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MNP threatens to sue Merritt-based electric vehicle maker over kickback allegations

MNP threatens to sue Edison

Accounting giant MNP has threatened to sue a Merritt-based company that blew the whistle on an alleged government kickback scheme that’s now being investigated by B.C.’s auditor general.

Edison Motors co-founder and CEO Chace Barber said he received a letter from MNP's lawyer on April 12, about a week after he went public with a viral post on social media laying out his allegation — that MNP was administering provincial government grant processes while also soliciting grant application services to would-be grant applicants.

According to Barber’s post, the electric-vehicle maker was denied a grant by MNP, then offered an MNP service that would charge a 20 per cent “success fee" for another application.

Barber called it a clear conflict of interest, and his April 5 TikTok post was enough to prompt an investigation by B.C.’s auditor general.

Company can't afford legal fight

In an interview Thursday with Castanet, Barber said he feels like he’s in a tough spot.

“The letter basically said, ‘Hey, you said some things, we don’t like that you said those things and we’re thinking about suing you,’” he said.

“Which I cannot afford a legal battle with a billion-dollar company. I live in my parents’ basement.”

Barber said his issue is not with MNP specifically, but with the way the provincial government has structured its grant application process.

“My issue was never with MNP — I am sure MNP was following the rules that they had to follow,” he said.

“My issue is that this potential conflict of interest is out there, it’s with the government program. They seem to be just wasting tons of dollars and they seem to be funnelling money to companies somehow. I don’t know whether that’s intentional or if companies are taking advantage, but the program is fundamentally flawed.”

Might second-guess whistle blowing

Barber said the letter from MNP, which Castanet has reviewed, might make him think twice about blowing the whistle in the future — but he has no regrets.

"I’m glad we brought some light to it, but when I’m just trying to build trucks and trying to grow a business, getting involved in that kind of legal battle is not something I want to do,” he said.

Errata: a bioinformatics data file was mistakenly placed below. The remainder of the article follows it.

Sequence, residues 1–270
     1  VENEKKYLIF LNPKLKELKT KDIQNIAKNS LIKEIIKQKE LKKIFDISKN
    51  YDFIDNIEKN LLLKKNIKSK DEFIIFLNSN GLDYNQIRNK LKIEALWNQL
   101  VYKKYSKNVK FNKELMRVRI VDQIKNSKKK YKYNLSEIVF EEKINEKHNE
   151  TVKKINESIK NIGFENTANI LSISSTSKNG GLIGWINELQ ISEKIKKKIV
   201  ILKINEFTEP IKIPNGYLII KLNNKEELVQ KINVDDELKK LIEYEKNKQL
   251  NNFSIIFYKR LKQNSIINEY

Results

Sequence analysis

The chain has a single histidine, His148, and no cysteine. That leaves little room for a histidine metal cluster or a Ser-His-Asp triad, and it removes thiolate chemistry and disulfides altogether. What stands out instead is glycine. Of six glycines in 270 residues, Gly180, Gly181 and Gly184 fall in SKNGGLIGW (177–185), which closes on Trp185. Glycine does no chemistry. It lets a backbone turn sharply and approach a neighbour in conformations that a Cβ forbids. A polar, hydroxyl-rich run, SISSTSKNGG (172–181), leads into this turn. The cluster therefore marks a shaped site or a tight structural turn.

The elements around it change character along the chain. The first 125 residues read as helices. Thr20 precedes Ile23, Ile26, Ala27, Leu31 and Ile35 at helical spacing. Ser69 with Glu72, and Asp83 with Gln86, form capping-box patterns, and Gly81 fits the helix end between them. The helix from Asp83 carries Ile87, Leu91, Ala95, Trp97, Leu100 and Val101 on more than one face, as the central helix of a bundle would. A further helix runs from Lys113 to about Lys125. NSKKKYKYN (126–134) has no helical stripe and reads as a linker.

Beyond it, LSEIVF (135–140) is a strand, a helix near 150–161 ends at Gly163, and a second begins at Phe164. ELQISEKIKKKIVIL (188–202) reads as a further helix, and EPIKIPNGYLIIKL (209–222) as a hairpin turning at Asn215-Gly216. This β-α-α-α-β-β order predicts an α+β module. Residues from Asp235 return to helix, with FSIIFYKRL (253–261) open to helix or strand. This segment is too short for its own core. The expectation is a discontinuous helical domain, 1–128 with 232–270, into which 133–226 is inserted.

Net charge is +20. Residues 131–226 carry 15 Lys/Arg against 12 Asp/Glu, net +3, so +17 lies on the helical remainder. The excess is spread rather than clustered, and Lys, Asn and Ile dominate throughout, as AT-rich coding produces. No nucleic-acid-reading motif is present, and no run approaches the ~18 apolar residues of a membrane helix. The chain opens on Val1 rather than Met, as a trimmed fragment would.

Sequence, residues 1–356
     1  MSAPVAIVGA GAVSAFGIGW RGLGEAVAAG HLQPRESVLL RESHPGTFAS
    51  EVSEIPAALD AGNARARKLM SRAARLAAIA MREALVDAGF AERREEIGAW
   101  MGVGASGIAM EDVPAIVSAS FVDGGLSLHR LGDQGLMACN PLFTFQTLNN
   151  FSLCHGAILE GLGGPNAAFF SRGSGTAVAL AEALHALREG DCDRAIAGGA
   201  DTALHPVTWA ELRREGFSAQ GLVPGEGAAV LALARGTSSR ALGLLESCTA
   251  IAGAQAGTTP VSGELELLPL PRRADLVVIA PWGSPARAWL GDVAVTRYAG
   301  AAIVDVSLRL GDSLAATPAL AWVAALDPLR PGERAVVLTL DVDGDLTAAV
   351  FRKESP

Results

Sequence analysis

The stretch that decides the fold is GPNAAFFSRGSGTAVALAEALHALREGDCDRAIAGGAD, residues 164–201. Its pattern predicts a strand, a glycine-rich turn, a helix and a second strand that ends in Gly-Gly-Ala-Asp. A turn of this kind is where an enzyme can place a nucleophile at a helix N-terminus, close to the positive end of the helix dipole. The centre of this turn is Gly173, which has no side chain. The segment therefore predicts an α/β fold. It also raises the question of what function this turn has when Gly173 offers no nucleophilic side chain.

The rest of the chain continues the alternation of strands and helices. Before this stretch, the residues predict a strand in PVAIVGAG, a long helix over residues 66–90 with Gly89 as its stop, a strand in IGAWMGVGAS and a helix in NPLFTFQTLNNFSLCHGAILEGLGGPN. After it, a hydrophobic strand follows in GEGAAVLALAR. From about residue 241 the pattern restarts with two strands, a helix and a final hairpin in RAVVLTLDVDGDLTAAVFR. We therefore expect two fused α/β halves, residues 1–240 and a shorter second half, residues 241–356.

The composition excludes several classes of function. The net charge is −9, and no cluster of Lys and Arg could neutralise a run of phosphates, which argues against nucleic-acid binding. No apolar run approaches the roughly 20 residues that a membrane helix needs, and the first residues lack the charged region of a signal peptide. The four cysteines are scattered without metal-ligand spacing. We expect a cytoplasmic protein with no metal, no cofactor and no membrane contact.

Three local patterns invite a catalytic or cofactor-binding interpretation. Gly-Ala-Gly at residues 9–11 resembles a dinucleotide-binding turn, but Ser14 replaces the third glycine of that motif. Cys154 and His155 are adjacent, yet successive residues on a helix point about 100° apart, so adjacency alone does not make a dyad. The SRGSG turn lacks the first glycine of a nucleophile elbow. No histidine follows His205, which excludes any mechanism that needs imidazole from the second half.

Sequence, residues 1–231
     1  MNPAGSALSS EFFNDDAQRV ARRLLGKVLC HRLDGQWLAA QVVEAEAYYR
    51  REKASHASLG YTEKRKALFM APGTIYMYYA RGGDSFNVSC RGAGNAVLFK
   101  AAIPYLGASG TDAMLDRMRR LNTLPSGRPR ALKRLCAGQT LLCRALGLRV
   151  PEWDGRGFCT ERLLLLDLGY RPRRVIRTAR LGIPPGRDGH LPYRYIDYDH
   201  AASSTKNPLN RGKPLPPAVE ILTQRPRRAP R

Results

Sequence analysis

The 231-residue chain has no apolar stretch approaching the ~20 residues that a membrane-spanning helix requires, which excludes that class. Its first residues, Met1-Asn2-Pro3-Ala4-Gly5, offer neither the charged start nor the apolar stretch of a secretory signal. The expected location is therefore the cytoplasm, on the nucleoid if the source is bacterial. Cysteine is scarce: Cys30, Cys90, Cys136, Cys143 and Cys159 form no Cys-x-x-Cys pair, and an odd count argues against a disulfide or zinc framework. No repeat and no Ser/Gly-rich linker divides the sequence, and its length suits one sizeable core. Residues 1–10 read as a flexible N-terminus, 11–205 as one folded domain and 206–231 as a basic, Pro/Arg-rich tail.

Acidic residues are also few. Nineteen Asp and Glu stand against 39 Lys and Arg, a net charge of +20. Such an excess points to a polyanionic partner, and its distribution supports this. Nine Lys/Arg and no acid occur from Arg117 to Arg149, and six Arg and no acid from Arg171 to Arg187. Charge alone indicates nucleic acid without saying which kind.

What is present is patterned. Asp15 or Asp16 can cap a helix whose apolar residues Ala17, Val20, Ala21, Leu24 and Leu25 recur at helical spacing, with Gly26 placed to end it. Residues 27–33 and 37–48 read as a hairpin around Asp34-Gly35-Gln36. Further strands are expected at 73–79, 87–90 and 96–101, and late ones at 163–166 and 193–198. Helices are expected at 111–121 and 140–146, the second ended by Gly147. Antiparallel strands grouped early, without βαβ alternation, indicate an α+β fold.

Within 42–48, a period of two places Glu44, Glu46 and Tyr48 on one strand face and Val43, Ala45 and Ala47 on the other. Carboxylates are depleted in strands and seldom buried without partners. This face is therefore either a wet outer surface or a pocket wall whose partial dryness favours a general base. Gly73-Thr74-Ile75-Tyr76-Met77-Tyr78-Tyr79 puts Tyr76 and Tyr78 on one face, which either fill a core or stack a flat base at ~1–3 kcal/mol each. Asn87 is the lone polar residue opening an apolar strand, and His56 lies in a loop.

“But I could see why other people would be nervous about doing it — I could see how a business would be very nervous about it.”

Barber said he was happy to get his concerns heard by government, but he could do without the drama.

"Would we do this whole thing again? I don’t know,” he said. "It’s turned into a big thing and we can’t afford the legal battle.”

MNP denies wrongdoing

When contacted by Castanet, an MNP representative said the company stands by an April 8 statement in which it denied any wrongdoing.

“These allegations are false and misleading,” the statement reads.

“Many firms provide grant administration and grant writing services to assist clients. Professional services firms that provide these services, including MNP, have policies and procedures to address potential conflicts of interest.”

MNP said its policies prohibit employees from providing grant writing services on grants administered by the company.

“MNP is committed to full transparency and accountability for every public program we administer, and we welcome a government-initiated program review,” the company said.

Focus still on building trucks

The potential legal battle with MNP is not the only sideshow currently dogging Edison Motors. The mayor of Merritt has said the city is trying to sweeten the pot to keep the company from moving to Terrace, which Barber said he plans to do.

He said it’s been a challenge to keep the drama out of the company’s day-to-day operations.

“Luckily we’ve got some really, really great guys that have been working super hard in the meantime, but it’s definitely a distraction we don’t need,” he said.

“Morally it felt like the right thing to do, but you shouldn’t have to put your business on pause and be distracted away from business to do the thing that’s morally right.”

Barber said he’d like to see the government do a better job of managing its processes.

“They should be doing these things, not me,” he said.

“The government should be looking at their own programs. It shouldn’t be up to businesses that are unhappy to bring these issues to light.”



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